- ↑ 2.0 2.1 2.2 2.3 Georgia State Legislature (2011). Georgia Code Section 19-9-6. URL accessed on 27 September 2011.
- ↑ 3.0 3.1 Oregon State Legislature (1997). ORS 107.102 Parenting plan. URL accessed on 27 September 2011.
- ↑ 4.0 4.1 Kaplan PMBR (7 July 2009). Kaplan PMBR FINALS: Family Law: Core Concepts and Key Questions, 22–23, Kaplan Publishing. URL accessed 15 October 2011.
- ↑ 5.0 5.1 5.2 5.3 5.4 5.5 Robert E. Emery (1999). Marriage, Divorce, and Children's Adjustment, 79–124, SAGE. URL accessed 2 November 2011.
- ↑ (1 January 1992) Divorce Decisions Workbook: A Planning and Action Guide to the Practical Side of Divorce, 107–108, McGraw-Hill Professional. URL accessed 19 October 2011.
- ↑ (22 August 1996) Surviving the Breakup: How Children and Parents Cope with Divorce, 121, Basic Books. URL accessed 15 October 2011.
- ↑ 9.0 9.1 9.2 9.3 9.4 9.5 9.6 9.7 9.8 9.9 Patrick Parkinson (21 February 2011). Family Law and the Indissolubility of Parenthood, 45–49, Cambridge University Press. URL accessed 25 September 2011.
- ↑ 10.0 10.1 10.2 10.3 10.4 Ann Estin, Bonding after Divorce: Comments on Joint Custody: Bonding and Monitoring Theories, 73 Ind. L. J. 441, 442 (1998).
- ↑ 11.00 11.01 11.02 11.03 11.04 11.05 11.06 11.07 11.08 11.09 11.10 11.11 11.12 11.13 11.14 (3 July 2007) What Every Woman Should Know about Divorce and Custody: Judges, Lawyers, and Therapists Share Winning Strategies on How to Keep the Kids, the Cash, and Your Sanity, 46–48, Penguin. URL accessed 15 October 2011.
- ↑ 12.0 12.1 In re Marriage of Rose and Richardson (App. 2 Dist. 2002) 126 Cal.App.4th 941. "The term `primary physical custody' has no legal meaning."Court of Appeal, Second District, Division 5, California (2002). Marriage of Rose and Richardson.
- ↑ California State Legislature (2011). California Family Code Section 3004. URL accessed on 27 September 2011.
- ↑ (1998) How to Help Your Child Overcome Your Divorce, 44–48, Newmarket Press. URL accessed 16 October 2011.
- ↑ 15.0 15.1 15.2 15.3 15.4 15.5 Doskow, Emily; Stewart, Marcia (2011). The legal answer book for families, 1st ed., 55–64, Berkeley, CA: Nolo.
- ↑ Minnesota Presumptive Joint Physical Custody Group Report under House File 1262 (2008) Appendix B "State Definitions of Joint Physical Custody"
- ↑ http://lasvegasfamilylaw.blogspot.ro/2011/09/what-is-joint-physical-custody-in-state.html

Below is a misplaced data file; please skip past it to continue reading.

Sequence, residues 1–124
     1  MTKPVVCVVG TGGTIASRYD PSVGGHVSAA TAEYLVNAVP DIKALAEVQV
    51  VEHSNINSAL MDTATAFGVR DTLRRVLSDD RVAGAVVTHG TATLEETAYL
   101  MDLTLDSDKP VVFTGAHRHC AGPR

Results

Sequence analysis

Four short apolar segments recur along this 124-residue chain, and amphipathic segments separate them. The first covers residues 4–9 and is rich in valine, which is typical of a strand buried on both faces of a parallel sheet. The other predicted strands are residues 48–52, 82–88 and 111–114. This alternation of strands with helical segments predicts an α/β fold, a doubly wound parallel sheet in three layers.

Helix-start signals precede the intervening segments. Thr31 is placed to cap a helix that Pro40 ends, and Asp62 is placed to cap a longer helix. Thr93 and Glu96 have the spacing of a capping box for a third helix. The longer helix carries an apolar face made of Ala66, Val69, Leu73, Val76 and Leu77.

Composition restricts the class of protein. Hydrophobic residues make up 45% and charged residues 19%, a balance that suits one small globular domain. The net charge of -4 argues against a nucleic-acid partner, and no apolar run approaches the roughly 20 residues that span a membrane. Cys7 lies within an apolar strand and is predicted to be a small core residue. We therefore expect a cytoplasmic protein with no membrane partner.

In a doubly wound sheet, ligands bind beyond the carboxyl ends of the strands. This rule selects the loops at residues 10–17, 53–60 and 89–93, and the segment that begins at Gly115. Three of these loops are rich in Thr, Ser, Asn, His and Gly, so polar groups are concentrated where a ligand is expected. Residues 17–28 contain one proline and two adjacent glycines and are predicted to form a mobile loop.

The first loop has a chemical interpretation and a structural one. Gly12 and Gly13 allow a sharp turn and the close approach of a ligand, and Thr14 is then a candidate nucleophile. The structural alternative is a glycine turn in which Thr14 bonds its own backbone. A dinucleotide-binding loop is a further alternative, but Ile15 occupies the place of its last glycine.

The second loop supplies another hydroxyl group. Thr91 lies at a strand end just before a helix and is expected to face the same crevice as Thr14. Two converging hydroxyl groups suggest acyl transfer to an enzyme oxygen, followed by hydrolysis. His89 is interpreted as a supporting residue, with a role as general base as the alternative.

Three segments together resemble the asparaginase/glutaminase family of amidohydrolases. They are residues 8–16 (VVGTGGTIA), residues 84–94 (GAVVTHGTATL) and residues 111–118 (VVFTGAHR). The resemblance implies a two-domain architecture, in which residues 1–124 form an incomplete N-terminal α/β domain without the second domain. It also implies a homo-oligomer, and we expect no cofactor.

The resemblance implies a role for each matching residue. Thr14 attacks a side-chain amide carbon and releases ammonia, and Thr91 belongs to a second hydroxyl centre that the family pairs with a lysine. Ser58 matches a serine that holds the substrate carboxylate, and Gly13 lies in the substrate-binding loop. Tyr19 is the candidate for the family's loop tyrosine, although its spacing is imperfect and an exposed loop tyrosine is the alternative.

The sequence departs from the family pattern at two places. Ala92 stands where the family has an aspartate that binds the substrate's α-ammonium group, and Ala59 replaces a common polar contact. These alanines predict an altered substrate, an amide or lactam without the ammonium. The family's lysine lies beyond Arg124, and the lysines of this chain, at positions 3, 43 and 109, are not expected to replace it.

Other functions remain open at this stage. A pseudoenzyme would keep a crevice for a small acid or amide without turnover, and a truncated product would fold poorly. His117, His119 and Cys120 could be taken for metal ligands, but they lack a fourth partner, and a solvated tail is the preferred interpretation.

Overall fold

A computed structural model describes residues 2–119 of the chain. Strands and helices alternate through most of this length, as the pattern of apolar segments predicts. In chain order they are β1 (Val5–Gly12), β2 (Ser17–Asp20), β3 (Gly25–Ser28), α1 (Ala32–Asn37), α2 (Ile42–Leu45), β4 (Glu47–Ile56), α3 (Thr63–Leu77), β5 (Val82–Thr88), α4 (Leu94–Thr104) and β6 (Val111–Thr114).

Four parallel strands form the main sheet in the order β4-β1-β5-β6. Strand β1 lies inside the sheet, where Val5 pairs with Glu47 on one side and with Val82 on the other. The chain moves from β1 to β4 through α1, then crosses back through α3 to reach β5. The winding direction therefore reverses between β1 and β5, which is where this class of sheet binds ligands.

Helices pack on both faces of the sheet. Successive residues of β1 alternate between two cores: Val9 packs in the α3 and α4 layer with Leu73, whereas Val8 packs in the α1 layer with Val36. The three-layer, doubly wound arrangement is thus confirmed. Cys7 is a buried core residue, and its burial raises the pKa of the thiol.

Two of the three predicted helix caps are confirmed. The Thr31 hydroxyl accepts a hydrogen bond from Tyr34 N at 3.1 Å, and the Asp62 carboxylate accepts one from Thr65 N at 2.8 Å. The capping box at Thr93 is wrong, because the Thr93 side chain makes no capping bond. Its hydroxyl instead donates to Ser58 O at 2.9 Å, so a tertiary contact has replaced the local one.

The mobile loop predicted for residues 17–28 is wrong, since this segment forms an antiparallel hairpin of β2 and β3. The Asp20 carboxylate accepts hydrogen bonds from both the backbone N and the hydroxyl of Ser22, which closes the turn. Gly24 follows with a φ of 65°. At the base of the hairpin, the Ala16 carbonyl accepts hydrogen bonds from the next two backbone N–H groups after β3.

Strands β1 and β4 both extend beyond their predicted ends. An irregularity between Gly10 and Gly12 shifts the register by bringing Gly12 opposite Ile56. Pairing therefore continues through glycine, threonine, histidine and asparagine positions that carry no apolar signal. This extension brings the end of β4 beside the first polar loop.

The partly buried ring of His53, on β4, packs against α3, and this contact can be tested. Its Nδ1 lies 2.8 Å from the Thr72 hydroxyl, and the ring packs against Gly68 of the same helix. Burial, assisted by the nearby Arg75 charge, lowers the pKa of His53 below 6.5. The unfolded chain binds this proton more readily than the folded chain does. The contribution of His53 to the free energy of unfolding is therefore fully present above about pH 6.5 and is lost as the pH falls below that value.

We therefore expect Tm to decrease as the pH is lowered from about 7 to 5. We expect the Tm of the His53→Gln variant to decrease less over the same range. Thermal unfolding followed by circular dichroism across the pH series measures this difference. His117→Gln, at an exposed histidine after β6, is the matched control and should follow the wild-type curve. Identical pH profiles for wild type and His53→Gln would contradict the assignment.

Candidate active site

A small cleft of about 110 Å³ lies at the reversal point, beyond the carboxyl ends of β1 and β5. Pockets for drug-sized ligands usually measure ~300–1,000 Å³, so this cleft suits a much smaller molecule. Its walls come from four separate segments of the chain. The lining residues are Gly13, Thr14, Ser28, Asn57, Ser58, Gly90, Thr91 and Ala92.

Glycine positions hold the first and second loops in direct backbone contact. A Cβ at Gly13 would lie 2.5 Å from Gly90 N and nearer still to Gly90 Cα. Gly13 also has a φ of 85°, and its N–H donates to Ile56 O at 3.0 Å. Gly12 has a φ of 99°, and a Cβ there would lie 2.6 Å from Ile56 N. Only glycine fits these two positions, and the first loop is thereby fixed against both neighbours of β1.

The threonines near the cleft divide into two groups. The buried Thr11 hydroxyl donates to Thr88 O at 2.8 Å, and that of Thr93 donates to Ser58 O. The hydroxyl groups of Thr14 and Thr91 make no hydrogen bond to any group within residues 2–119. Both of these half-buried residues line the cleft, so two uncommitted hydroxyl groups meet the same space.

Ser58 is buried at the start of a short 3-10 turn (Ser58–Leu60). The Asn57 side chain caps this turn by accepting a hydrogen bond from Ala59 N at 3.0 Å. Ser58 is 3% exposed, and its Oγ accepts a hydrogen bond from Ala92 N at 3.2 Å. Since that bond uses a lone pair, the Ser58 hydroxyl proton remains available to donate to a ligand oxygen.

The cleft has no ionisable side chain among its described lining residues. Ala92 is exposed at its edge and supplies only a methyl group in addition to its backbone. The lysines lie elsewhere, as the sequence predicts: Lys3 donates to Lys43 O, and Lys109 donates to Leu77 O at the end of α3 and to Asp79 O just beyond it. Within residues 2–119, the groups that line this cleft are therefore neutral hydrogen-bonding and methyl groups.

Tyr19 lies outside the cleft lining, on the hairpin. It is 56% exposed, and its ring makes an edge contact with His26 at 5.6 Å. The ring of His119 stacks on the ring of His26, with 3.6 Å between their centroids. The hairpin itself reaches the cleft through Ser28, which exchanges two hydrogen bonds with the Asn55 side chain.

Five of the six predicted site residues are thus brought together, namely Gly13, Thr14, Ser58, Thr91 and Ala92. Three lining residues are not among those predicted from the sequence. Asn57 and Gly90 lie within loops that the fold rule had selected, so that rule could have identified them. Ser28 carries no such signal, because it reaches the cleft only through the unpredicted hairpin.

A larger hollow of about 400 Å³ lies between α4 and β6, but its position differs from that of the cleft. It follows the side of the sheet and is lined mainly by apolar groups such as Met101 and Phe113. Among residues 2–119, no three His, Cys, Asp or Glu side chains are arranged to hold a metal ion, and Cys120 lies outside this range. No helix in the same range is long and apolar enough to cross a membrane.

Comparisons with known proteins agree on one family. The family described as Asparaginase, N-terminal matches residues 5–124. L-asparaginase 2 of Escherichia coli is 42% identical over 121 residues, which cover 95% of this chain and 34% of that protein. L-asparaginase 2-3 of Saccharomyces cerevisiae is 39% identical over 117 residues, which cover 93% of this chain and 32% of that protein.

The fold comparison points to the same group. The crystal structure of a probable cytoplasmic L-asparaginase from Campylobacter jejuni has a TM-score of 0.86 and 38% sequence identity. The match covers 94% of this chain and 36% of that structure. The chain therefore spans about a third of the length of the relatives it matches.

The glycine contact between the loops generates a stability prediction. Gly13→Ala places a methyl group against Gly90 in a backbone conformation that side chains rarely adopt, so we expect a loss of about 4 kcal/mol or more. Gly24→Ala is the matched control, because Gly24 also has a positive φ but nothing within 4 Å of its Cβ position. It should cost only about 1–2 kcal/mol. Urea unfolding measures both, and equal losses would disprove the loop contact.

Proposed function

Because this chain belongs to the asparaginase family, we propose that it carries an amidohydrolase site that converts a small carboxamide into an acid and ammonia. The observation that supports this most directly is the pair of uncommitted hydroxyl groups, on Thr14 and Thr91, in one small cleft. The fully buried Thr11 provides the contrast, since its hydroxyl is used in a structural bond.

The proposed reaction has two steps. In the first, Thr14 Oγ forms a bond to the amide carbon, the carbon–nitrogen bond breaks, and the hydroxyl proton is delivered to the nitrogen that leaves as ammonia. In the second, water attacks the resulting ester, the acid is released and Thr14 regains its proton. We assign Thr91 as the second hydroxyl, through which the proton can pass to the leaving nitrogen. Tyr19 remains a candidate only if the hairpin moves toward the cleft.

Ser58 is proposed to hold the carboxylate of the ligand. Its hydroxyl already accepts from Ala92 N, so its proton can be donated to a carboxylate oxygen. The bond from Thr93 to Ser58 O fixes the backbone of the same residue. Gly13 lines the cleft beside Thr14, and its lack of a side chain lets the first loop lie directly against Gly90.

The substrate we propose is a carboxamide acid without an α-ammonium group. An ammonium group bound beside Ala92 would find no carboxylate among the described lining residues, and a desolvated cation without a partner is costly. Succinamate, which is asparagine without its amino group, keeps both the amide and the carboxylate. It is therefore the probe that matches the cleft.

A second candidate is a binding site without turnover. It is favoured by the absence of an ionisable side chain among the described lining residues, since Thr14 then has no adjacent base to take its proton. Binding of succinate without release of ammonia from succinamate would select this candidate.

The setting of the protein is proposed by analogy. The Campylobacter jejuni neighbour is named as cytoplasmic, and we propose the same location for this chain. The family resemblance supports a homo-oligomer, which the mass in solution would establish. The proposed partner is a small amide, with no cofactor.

- ↑ 18.00 18.01 18.02 18.03 18.04 18.05 18.06 18.07 18.08 18.09 18.10 18.11 Webster Watnik (April 2003). Child Custody Made Simple: Understanding the Laws of Child Custody and Child Support, 16–38, Single Parent Press. URL accessed 25 September 2011.
- ↑ 19.0 19.1 19.2 19.3 Linda D. Elrod & Robert G Spector, "A Review of the Year In Family Law 2007-2008: Federalization and Nationalization Continue," Fam. L. Q. 42 (2009): 713. 
- ↑ 20.0 20.1 20.2 20.3 (2006) Creating Effective Parenting Plans: A Developmental Approach for Lawyers and Divorce Professionals, 27–39, American Bar Association. URL accessed 2 November 2011.
- ↑ 21.0 21.1 21.2 Family Service Association of America (1983). Social Casework, Family Service Association of America. URL accessed 9 November 2011.
- ↑ 22.0 22.1 22.2 22.3 Lerche Davis, Jeanie Joint Custody Best for Most Children. WebMD Health News. WebMD, Inc.. URL accessed on 27 September 2011.
- ↑ 23.0 23.1 Bauserman, R. (2002). Child adjustment in joint-custody versus sole-custody arrangements: A meta-analytic review. Journal of Family Psychology, 16(1), 91-102. DOI:10.1037/0893-322.214.171.124
- ↑ 24.0 24.1 24.2 24.3 24.4 24.5 24.6 includeonly>Peterson, Karen S.. "Joint Custody Best for Kids After Divorce", USATODAY.com, 24 March 2002. Retrieved on 27 September 2011.
- ↑ 25.0 25.1 Bauserman, R (2002). Child adjustment in joint-custody versus sole-custody arrangements: A meta-analytic review. Journal of Family Psychology 16 (1): 91–102.
- ↑ 26.0 26.1 26.2 Siebel, Cynthia C. (Summer 2006). Fathers and Their Children: Legal and Psychological Issues of Joint Custody. Family Law Quarterly 40 (2): 213–236.
- ↑ Post, Dianne (1988–1990). Arguments Against Joint Custody. Berkeley Women's Law Journal: 316–325.